Let (X, A, p) be a measure space. A measure u on A is said to be p-continuous if for every A e A

- 0 => "(A) - 0. Theorem 10 (The Radon - Nikodim Theorem)


p(A) Let (X,A, p) be a o-fini,te
n'Leasure space, Iet

u be a p"-

cont'inuous n'Leasure. Then there erists a non-negatiue functi,on f e L,,(lt) such that

,(A):lfdt, (vAeA). n
A

1.3. LEBESGUE INTEGRATIOAI

Let X be a locaily compact metric space. For simplicity, one may think that X g lR'. BV Co(X) we denote the
linear space of all continuous functions infinity.

X -* IR vanishing on

Definition 1.3.8 A mappins d: Co(X) * IR zs called a) a linear functional i,f d@ft + 0 fz) : ad(f t) + gdjz) for all a,0 R, ft, fz e Co(X); b) a positive functional i/ f (") > 0 (Vr e x) =+ d(/) > 0 for all f e Co(X).
Theorem 11 (The Riesz Representation Theorem)
For eaery pos'it'iue l'inear funct'ional Q : Cg(X) ---+ IR, there is a unique fini,te measure LLO on the Borel algebra B(X)
such th,at

0(h)

h(")

pro@r)

(Vh e

Co(x)). n

Remark that the measwe p6 in the Riesz representation theorem is obviously finite. Moreover, it is clear that every finite measure LL on B(X), gives a rise to a positive linear func* tional d, on Co(X) by

or@)

I h@) p(dr) (vh e(x)). X

28

CHAPTER

1.

ELEMENTS OF MEASURE THEORY

Chapter

Elements of Measurable Dynamics


2.t
Examples of Transformations

An abstract semi-dynamical system with discrete time is apair (X,r), where X is aset and r . X ---+ X is a mapping. We think of X as the set of states of (X, r) and of r as a law which controls the way how the system (X, r) evolves through time. In the case of an invertible r, the pair (X, r) is called an abstract dynamical system. If we consider a one-parameter semigroup (rr)r>o (oneparameter group ("r)r.o) of transformations of X, the pair (X, (rt)t) is called an abstract continuous semidynamical (dynamical) system with the state-set X. In this lecture, we study several elementary examples of transformations of measure spaces. We require them to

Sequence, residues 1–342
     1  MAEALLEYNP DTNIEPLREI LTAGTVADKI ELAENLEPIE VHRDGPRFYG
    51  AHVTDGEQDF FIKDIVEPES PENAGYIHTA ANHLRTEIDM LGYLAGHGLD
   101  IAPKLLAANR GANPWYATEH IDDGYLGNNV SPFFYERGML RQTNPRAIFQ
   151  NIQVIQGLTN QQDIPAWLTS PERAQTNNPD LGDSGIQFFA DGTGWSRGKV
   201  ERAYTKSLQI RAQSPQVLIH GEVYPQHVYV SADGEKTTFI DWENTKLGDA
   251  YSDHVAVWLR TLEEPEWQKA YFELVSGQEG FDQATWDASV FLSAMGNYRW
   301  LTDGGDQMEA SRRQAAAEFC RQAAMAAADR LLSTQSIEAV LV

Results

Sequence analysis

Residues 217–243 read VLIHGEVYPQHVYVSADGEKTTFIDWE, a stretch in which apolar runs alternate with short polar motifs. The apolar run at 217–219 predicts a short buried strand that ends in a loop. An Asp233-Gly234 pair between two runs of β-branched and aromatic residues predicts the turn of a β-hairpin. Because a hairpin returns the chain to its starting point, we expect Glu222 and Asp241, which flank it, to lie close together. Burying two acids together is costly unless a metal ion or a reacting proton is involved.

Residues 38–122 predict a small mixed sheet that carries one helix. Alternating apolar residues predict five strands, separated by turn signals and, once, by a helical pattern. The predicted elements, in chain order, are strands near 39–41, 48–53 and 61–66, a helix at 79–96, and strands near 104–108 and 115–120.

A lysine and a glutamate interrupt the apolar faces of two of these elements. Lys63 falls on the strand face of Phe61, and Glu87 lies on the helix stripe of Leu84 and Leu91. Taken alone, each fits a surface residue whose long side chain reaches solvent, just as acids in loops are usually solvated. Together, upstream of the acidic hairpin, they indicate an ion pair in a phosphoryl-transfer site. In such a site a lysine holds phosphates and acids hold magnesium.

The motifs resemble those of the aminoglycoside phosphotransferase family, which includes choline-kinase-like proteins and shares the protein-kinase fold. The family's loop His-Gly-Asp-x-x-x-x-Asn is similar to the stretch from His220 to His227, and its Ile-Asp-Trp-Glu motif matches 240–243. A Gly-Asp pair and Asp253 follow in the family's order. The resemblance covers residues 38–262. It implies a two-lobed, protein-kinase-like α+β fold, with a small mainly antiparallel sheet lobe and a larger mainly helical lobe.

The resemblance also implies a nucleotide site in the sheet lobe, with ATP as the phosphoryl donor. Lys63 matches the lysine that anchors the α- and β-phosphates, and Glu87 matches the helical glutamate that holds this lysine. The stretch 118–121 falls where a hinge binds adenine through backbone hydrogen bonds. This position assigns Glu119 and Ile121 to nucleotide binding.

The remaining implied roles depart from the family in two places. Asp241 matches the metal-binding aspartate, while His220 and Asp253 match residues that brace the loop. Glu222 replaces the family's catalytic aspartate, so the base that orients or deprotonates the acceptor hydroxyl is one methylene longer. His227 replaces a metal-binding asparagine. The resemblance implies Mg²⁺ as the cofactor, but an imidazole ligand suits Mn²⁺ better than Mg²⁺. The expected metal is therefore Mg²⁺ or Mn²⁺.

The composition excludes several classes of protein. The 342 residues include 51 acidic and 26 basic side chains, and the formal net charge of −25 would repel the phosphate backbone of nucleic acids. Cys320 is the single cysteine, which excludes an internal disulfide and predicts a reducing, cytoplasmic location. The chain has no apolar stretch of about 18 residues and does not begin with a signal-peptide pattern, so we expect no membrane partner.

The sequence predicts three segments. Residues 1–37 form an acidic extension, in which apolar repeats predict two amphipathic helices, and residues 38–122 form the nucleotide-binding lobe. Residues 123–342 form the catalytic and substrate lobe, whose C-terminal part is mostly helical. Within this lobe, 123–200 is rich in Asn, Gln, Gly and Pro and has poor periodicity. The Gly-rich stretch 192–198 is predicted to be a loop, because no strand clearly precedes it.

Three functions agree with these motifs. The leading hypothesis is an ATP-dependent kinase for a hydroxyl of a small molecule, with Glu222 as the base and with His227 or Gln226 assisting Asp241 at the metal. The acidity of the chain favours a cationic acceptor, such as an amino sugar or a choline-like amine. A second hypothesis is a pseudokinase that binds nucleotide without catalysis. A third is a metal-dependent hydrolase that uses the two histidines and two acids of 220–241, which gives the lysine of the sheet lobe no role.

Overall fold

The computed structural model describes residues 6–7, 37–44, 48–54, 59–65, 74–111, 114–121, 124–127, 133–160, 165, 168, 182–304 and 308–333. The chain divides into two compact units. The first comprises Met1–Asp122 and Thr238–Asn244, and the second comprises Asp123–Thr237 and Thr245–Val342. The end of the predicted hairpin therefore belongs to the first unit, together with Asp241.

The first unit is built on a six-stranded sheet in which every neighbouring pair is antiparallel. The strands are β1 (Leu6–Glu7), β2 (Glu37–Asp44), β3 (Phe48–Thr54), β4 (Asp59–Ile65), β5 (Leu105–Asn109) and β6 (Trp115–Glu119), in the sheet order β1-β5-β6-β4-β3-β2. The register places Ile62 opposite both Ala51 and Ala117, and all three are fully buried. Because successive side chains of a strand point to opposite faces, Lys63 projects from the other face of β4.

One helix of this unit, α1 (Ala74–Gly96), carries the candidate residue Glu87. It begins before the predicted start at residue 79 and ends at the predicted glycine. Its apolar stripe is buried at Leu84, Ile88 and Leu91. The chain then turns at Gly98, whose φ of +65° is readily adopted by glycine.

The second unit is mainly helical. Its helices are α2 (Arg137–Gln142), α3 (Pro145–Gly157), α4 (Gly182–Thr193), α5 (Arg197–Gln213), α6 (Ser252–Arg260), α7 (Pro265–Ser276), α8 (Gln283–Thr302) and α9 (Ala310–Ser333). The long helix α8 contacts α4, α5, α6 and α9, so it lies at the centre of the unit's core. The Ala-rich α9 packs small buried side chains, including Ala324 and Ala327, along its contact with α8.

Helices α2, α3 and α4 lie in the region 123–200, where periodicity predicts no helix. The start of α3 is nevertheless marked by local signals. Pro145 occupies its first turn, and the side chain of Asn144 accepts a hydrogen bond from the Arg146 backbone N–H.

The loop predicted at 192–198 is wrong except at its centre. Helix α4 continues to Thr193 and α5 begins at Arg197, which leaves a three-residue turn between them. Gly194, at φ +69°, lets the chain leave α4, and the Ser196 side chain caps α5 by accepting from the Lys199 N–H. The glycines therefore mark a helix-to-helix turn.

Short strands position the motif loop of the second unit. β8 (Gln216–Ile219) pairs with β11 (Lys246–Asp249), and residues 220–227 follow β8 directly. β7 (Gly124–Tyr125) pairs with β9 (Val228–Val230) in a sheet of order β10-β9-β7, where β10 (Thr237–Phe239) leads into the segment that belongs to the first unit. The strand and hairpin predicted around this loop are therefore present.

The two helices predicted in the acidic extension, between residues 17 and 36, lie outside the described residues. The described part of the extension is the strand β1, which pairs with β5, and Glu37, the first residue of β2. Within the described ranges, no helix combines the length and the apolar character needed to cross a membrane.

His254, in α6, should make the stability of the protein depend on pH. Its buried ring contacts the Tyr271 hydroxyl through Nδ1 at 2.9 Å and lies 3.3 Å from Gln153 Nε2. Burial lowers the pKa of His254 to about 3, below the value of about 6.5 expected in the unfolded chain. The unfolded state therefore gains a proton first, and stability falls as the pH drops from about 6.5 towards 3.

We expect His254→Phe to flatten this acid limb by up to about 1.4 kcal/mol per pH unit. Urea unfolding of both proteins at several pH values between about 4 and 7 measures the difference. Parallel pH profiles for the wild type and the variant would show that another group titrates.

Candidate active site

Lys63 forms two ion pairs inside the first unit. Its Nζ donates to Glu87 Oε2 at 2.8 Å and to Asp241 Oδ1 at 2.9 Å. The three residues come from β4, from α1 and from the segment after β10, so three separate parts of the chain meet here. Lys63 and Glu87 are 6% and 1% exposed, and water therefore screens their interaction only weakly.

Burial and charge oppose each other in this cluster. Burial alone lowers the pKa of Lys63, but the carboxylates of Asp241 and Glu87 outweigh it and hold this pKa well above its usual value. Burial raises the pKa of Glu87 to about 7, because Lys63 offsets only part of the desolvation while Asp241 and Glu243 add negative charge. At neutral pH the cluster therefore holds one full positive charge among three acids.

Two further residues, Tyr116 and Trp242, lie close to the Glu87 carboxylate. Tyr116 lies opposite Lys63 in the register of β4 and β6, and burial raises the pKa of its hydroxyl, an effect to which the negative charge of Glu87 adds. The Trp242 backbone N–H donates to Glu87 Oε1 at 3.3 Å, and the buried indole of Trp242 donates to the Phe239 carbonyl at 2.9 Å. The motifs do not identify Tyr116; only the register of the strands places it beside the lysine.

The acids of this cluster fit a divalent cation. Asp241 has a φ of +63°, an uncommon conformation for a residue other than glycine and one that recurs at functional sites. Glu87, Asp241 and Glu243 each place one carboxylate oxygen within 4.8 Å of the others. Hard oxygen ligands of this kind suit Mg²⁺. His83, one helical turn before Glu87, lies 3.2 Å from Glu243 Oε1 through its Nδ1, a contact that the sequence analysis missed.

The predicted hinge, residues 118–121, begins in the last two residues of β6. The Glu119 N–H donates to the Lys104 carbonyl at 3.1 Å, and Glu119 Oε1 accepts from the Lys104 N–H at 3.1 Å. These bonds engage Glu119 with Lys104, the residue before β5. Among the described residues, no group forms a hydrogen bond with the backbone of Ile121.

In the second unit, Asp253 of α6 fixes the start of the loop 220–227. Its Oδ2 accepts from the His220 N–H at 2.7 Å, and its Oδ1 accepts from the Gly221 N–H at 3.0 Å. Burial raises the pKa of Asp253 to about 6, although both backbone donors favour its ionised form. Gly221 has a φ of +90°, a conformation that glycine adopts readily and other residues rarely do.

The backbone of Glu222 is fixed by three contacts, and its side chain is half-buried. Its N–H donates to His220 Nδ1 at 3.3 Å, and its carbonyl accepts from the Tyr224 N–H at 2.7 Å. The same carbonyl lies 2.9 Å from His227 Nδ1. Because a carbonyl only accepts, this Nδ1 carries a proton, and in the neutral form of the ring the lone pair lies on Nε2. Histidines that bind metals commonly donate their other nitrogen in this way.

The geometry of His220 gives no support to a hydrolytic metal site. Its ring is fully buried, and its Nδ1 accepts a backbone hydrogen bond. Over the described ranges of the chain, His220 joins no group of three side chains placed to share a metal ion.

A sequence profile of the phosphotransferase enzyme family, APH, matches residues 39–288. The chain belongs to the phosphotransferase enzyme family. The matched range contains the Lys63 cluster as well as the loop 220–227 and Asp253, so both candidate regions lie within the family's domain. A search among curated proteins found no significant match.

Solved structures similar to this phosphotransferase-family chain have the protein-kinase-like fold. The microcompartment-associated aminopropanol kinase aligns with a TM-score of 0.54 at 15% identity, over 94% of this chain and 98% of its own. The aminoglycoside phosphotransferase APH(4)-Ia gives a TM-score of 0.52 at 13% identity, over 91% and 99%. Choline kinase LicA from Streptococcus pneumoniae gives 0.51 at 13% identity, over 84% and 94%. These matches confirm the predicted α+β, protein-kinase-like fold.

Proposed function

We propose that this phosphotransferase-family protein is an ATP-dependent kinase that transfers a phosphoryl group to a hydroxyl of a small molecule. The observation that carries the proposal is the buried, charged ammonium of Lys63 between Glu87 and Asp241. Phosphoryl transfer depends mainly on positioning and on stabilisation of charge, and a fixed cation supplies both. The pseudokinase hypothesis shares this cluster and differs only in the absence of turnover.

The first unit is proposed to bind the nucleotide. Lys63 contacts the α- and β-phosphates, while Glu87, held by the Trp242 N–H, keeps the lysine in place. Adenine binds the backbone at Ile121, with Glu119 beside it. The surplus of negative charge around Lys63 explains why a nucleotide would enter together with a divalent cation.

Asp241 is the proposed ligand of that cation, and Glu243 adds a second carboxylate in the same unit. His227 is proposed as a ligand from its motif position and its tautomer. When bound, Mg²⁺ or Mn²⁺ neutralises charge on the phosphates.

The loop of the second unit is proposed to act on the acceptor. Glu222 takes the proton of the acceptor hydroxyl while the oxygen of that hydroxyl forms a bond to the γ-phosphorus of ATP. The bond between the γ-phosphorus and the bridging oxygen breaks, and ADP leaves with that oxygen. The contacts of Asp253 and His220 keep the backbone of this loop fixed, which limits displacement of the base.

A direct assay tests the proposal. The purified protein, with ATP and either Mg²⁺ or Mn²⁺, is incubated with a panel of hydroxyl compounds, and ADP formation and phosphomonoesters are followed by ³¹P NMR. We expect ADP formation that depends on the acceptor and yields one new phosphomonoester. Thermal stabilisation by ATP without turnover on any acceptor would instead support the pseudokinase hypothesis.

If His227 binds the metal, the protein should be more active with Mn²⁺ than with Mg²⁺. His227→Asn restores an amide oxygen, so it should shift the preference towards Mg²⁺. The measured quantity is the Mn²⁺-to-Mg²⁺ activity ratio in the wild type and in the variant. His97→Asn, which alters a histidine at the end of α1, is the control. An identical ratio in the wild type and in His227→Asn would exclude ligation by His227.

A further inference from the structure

measurable (not necessarily invertible) transformations of a measure space (X,D, p). The study of such dynamical (semi-dynamical) systems is the subject of the ergodic
be

CHAPTER

2.

ELEMENTS OF MEASURABLE DYNAMICS

Remark that, in many cases, the state-set possesses a typological structure. This is a very reach in applications area of theory of dynamical systems, which is called topological dynamics. Topological dynamics has been closely related with ergodic theory. The both theories go back to works of Henri Poincare in the end of 19-th century.

theory.

z.L.L

Endomorphisms of a measure space

0 implies B e "4), otherwise one may take the completion of o-algebr a A. A measurable mapping r : X ---+ X is called nonsingular If p,(A) - 0 implies p(r-t(A)) - 0. Nonsingular mappings play a key role in the concept of a Perro Frobenius operator, which will be considered later. We do not need this concept in the present lecture.
and p,(A)

Let (X, A,, p) be a measure space. A mapping r : X ---+ X is called measurable if r-1(A) e A for every A A. We usually suppose A to be p-complete (i.e. B g A e A

Definition 2.f.L A
called endomorphis

meo,surable mapp'ing rn i,f

r: X

--+

X ,is

p(r-'(A))

- p(A)

(vA e A).

Remark that an endomorphism even in the case when ,(X)

doubling transformation below). The composition of two endomorphisms is obviously an endomorphism. Our main aim in this lecture is to give several classical examples of endomorphisms.

r is not necessarily invertible - X and pt(X) < oo (see the

2.1. EXAMPLES OF
"R/NSFORMATIOI{S

31

2.L.2 Baker transformation


Let

X:

[0, 1]

x [0, 1], It be the Lebesgue measure, and Abe

the Lebesgue o-algebra on

S:X+Xby
s(,,r)

X.

We define a transformation

{ l\:'iq,L,y+})

i2:l l,3l

A<1; y <7.